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mikenbarb
May 15, 2008, 04:53 PM
I have a gun that someone had camo painted the barrel and reciever and want to remove this stuff without harming the blueing. Is there any product that will do this without harming the finish? I was thinking of maybe using a gun scrubber spray that isnt plastic safe or zipstrip but I think zipstrip may harm blueing. The barrel is blued high gloss and the reciever is blued aluminum.

Lavid2002
May 15, 2008, 05:15 PM
Well, how about some acetone and a very very very fine steel wool, such as 0000. Dont apply pressure, just let it ride the barrel. This is what I do for rust, im sure it would work for paint. Lets see if someone else has a tip.

Bill DeShivs
May 15, 2008, 05:45 PM
Just soak it in mineral spirits.

jaguarxk120
May 15, 2008, 05:52 PM
Try MEK, don't smoke around the stuff!! No steel wool on the alloy reciever as it will take off the anodizing. TF

mikenbarb
May 15, 2008, 09:27 PM
Im trying to stay with something that I can put on and rub it off without using abrasive. Im gonna try a test spot of Zip strip and the others mentioned and see what happens. I will let you know how they work. Thanks.

Doyle
May 16, 2008, 07:52 AM
Acetone will remove most paints without harming the bluing.

Dave Haven
May 16, 2008, 10:15 PM
Lacquer thinner.

Jim Watson
May 16, 2008, 10:42 PM
Spot test anything.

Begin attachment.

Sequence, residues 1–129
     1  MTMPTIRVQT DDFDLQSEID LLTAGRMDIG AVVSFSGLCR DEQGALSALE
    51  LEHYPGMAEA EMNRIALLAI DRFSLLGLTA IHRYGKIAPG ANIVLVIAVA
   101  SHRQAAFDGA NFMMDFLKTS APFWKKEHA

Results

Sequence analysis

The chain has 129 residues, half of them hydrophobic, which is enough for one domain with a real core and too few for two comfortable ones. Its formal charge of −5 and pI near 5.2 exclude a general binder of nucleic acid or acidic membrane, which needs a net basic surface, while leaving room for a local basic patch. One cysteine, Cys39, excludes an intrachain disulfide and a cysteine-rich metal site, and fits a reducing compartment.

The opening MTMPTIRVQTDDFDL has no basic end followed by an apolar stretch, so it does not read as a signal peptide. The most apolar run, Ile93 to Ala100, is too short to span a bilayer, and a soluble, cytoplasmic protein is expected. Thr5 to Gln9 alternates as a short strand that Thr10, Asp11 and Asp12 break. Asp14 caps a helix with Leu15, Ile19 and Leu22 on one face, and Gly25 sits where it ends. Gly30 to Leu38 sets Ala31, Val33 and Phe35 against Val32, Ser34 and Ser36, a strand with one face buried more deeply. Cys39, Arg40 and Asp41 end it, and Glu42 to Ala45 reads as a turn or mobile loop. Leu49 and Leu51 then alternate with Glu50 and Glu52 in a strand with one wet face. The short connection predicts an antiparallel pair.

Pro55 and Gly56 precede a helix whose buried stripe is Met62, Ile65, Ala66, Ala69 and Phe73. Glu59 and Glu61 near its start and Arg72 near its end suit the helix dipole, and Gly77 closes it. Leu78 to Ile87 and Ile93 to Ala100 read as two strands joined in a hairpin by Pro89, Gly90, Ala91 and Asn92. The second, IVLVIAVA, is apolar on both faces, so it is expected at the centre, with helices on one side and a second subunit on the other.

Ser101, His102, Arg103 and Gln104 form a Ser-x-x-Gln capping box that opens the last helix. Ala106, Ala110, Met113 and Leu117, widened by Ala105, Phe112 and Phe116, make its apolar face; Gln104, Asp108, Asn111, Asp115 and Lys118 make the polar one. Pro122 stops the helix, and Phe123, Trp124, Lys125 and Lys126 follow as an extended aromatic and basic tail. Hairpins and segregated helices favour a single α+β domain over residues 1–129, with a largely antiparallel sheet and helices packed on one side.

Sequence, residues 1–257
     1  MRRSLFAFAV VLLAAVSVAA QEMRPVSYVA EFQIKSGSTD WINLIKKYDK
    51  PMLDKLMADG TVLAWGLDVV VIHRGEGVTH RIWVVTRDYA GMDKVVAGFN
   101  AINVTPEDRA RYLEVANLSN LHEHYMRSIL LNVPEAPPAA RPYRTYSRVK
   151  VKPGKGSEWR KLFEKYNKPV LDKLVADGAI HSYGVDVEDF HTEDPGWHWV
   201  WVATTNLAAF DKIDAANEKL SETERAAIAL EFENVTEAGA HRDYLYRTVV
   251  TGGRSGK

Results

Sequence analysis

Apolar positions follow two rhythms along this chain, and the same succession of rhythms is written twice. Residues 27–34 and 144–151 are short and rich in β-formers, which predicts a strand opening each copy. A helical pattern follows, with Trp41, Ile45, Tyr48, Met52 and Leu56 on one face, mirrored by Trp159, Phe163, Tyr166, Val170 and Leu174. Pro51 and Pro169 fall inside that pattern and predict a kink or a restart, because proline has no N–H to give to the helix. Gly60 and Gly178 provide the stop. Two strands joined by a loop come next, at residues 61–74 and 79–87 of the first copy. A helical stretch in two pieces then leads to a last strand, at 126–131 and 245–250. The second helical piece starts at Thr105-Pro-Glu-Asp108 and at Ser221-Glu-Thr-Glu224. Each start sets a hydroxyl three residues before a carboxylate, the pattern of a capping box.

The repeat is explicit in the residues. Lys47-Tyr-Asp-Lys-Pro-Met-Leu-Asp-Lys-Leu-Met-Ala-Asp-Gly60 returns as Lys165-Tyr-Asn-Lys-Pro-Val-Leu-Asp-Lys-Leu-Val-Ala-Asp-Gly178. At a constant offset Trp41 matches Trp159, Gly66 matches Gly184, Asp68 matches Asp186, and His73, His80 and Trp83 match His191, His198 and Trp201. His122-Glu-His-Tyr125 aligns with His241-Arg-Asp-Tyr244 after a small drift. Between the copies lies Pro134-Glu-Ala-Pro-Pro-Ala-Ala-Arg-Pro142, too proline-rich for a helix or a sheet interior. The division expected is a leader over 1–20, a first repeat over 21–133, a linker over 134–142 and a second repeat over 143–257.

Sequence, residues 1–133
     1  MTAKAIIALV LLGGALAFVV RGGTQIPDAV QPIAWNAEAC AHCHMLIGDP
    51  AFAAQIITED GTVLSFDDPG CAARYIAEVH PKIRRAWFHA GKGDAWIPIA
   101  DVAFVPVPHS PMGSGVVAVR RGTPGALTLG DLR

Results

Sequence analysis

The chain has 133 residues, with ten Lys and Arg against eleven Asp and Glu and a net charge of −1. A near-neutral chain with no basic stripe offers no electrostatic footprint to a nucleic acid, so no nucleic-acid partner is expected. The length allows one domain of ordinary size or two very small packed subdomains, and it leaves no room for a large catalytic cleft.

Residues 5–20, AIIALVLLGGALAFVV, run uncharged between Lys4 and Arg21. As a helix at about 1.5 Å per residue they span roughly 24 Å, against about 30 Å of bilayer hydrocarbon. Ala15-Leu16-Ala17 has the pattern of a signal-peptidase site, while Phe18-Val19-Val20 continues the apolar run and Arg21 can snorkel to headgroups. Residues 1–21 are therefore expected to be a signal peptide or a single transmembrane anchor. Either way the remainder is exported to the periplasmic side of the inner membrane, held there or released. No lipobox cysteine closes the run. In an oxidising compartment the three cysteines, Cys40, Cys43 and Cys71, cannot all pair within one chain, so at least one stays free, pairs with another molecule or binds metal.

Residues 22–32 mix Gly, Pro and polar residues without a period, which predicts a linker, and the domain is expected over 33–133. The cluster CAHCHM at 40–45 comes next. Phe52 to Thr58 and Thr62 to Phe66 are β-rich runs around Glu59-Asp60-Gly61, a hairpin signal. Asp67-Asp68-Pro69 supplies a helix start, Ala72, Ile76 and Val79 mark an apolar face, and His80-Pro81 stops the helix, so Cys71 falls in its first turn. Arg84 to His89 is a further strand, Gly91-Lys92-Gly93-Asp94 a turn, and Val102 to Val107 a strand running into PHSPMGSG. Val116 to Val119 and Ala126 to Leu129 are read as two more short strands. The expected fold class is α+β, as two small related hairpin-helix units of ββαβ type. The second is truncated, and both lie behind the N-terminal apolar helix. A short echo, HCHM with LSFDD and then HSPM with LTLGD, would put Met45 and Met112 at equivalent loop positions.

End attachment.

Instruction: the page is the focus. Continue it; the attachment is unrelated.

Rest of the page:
I don't know of a paint remover that will affect blued steel or anodized aluminum, but there are some aluminum parts that are just lacquered and would be stripped.

Swampghost
May 16, 2008, 11:07 PM
If the piece was prepped right before painting, don't expect much. I use 0000 steel wool if the piece is in good condition. You have to scuff the surface for it to accept the primer. If it's not flaking, the chances are that it was done reasonably well. Think polishing and re-bluing + value

homefires
May 17, 2008, 08:44 PM
Break it down to the smallest part you can. Let it sit in Acetone! Bluing is not bothered. Use a soft rag to clean it up. Acetone will not bother the bluing!

Some paints are based on Tulane, Again not a problem on bluing. Bad on you but not it!

If the crack police smell this stuff expect a visit!:rolleyes:

brickeyee
May 19, 2008, 11:08 AM
You can use any number of solvents depending on the paint type, but avoid chlorinated solvents or lye on the aluminum parts.
Lye will eat aluminum VERY quickly, and chlorinated solvents can damage the surface also.

Rex B
May 28, 2008, 04:24 PM
Brake fluid, no kidding. Regular old Dot 3 from the parts store. Ever see what it does to car paint when you spill some?

I have used it on machine tools extensively. You don't want to leave it on there indefinitely because it absorbs water. It should get the job done in a few hours, bubbling it up so you can wipe it off with a rag. Soapy water when you are done.

there are probably some of the newer epoxy paints that it doesn't affect, but I have yet to run across any of that that needed to come off.

Good luck

mikenbarb
May 28, 2008, 09:20 PM
Acetone worked well for the barrel but had to soak it for a long time to do the reciever. The paint residue blew off with compressed air and the bluing is intact. Thanks everyone for the help.:D
PS- The original bluing is 99% and looks like the guy that owned it painted it the day after he bought it. and repainted a couple times after that. I got lucky with this one and it could have been terrible under all that paint. The vent rib took alot of work with a fiber brush but I got it.